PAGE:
U.S. States Balk at Providing Data on Jobless-Benefits Denials
(Bloomberg) -- Colorado’s labor department wanted $13,608 for the data, then declined to provide it for privacy reasons. Wisconsin’s begged off, claiming it was overwhelmed with unemployment claims. New York took eight months to respond with a request for an additional 90 days.
These were just some of the responses to open-records requests from Bloomberg News to all 50 states for demographic data about the recipients of unemployment benefits in the year after the onset of the Covid-19 pandemic. Only one state, Georgia, provided anonymized data for all claimants -- and that took weeks of negotiations. Texas and California provided aggregate data. Most found excuses not to comply.
Just who did and did not have access to the more than $860 billion in unemployment benefits paid out during the pandemic is a fundamental question policy makers and taxpayers should be able to answer. The U.S. Department of Labor requires states to file monthly reports on the demographics of recipients of unemployment insurance payments. It does not mandate the same for the millions rejected by state labor agencies.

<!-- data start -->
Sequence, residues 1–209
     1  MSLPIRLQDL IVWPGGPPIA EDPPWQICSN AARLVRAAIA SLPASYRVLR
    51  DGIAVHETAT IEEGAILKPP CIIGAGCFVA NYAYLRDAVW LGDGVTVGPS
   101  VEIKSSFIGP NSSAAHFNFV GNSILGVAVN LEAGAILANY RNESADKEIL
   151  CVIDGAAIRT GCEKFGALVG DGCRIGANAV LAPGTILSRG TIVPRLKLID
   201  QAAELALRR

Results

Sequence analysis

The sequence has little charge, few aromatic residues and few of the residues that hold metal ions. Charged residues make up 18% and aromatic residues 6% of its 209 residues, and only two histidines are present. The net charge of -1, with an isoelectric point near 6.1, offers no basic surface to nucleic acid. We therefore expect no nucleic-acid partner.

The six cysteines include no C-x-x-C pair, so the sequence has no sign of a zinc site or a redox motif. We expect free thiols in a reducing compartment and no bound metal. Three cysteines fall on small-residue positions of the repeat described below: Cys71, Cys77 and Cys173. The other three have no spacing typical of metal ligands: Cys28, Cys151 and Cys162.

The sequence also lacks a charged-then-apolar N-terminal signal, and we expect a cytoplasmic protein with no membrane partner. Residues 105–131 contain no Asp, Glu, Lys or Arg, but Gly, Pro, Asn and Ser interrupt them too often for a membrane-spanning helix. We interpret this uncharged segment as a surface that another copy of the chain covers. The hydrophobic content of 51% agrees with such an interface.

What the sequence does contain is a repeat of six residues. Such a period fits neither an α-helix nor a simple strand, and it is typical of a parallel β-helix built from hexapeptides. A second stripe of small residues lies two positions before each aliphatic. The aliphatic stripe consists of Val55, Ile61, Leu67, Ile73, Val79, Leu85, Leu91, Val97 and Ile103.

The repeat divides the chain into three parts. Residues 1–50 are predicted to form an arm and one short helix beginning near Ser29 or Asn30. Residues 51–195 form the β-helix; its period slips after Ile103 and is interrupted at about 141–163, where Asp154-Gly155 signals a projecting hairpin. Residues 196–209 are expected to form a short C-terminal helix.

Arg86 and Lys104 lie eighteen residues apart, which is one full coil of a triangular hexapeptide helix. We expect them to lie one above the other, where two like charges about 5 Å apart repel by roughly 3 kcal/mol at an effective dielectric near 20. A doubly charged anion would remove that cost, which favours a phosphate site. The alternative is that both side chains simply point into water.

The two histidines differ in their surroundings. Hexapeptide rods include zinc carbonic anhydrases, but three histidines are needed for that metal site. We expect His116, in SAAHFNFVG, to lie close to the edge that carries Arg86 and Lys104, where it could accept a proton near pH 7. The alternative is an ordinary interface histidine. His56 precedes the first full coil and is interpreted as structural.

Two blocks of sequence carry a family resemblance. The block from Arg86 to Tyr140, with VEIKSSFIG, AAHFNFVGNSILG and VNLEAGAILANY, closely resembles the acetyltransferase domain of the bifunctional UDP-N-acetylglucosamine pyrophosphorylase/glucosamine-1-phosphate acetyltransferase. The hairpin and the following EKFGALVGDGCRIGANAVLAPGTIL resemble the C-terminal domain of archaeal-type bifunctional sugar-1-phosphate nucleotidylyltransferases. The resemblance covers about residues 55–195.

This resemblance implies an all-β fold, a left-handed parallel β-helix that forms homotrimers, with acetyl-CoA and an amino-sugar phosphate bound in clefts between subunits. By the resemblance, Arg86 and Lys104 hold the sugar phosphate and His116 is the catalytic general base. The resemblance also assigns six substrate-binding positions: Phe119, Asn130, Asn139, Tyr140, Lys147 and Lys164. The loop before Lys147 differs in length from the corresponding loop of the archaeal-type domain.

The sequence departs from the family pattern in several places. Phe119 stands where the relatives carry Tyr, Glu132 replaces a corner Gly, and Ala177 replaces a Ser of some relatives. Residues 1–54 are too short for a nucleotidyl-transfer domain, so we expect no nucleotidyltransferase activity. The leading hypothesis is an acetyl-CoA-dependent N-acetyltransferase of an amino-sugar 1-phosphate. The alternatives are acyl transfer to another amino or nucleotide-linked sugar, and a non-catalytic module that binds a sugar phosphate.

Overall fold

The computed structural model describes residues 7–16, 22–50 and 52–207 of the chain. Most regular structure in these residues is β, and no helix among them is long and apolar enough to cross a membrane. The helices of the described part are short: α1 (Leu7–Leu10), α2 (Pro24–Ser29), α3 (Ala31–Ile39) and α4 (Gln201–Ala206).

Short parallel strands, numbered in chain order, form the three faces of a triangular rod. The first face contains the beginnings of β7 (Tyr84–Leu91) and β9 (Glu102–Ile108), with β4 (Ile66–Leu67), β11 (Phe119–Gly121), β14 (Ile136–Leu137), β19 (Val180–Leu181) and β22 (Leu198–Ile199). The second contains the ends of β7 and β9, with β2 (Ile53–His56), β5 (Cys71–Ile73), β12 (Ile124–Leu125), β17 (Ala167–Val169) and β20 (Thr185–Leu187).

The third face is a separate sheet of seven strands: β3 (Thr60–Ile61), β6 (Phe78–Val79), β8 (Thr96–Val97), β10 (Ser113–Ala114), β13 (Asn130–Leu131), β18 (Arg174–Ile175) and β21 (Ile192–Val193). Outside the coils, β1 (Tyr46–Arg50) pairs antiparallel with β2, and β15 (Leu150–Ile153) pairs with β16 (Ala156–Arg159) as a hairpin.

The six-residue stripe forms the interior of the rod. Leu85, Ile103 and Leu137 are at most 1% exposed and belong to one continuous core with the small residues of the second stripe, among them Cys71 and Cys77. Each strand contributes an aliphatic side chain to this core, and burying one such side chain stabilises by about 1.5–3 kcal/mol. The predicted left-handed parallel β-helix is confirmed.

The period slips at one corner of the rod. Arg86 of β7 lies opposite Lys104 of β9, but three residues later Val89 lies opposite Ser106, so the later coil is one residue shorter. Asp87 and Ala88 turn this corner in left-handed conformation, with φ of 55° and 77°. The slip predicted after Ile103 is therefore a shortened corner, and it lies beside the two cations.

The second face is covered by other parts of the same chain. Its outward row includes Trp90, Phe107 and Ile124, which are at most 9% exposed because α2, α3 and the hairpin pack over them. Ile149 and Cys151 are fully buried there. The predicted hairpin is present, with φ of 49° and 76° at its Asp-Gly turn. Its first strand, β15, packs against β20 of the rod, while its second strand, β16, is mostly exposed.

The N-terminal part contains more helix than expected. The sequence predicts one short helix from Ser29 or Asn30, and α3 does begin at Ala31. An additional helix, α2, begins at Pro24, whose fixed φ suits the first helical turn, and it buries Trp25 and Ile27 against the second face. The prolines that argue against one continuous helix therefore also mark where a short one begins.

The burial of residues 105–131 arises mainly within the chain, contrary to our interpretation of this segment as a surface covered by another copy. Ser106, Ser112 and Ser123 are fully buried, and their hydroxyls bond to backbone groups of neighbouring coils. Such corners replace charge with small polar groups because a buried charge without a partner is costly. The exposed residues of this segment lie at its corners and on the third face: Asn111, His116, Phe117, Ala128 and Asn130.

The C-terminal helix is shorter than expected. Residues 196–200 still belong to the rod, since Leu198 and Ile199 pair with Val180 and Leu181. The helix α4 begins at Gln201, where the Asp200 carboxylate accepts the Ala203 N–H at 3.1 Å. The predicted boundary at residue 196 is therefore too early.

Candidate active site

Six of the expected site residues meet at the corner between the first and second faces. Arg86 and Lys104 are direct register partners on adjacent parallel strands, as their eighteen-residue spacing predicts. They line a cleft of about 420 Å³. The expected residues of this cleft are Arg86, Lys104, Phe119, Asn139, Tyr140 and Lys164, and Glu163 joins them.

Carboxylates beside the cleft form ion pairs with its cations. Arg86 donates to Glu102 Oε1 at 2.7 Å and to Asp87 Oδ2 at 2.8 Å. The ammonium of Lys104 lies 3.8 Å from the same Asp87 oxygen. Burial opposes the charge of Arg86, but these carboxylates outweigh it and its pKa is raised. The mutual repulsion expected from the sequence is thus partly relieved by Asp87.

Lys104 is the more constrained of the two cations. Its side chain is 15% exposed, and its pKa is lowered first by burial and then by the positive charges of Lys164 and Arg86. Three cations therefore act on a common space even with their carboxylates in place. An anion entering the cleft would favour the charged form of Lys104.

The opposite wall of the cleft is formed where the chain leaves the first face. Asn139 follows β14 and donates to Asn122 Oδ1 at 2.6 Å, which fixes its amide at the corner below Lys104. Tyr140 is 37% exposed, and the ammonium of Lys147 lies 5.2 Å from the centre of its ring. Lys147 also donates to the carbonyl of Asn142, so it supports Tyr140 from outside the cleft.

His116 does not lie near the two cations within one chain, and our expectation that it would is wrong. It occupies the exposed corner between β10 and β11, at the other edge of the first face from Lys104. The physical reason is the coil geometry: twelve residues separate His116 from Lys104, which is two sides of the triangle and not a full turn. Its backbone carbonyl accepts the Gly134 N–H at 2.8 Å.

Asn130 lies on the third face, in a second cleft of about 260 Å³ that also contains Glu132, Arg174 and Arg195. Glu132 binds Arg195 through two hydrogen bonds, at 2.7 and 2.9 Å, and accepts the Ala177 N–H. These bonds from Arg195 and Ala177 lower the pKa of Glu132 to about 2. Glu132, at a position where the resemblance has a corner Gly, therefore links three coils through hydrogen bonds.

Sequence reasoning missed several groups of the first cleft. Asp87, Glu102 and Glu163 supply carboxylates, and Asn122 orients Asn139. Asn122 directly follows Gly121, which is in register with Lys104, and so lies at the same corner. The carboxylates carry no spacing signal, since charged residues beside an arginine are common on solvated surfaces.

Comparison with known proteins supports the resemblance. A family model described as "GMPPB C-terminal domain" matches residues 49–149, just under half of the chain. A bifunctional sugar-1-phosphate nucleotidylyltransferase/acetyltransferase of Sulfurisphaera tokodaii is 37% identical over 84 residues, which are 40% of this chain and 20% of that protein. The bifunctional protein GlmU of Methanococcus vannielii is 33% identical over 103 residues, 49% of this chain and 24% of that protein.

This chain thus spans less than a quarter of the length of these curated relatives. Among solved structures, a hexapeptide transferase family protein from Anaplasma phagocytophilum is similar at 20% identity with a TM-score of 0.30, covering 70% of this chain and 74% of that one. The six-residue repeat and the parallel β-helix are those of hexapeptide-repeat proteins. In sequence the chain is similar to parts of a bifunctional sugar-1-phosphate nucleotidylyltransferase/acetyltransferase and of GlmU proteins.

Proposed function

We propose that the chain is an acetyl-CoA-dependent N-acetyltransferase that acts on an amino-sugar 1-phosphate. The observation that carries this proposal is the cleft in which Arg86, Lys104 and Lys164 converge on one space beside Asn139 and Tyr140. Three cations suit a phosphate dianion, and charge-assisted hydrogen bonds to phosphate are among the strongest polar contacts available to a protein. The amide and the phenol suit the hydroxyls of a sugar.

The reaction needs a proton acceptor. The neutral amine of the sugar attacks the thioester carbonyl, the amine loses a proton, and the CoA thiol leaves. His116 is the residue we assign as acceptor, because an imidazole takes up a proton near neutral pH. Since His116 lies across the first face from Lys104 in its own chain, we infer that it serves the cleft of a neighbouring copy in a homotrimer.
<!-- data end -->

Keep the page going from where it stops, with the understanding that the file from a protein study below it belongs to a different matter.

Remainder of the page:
One key takeaway of Bloomberg’s efforts: States are reluctant to share the data. Some, including Kansas and Nebraska, invoked state public records laws that do not require agencies to share data that require compiling or are not readily available in a report. Others, like Wisconsin, said they were too busy trying to support those who lost jobs. “Therefore,” wrote Jennifer Sereno, a spokeswoman for that state’s Department of Workforce Development, “the Department will not be providing responsive records.”
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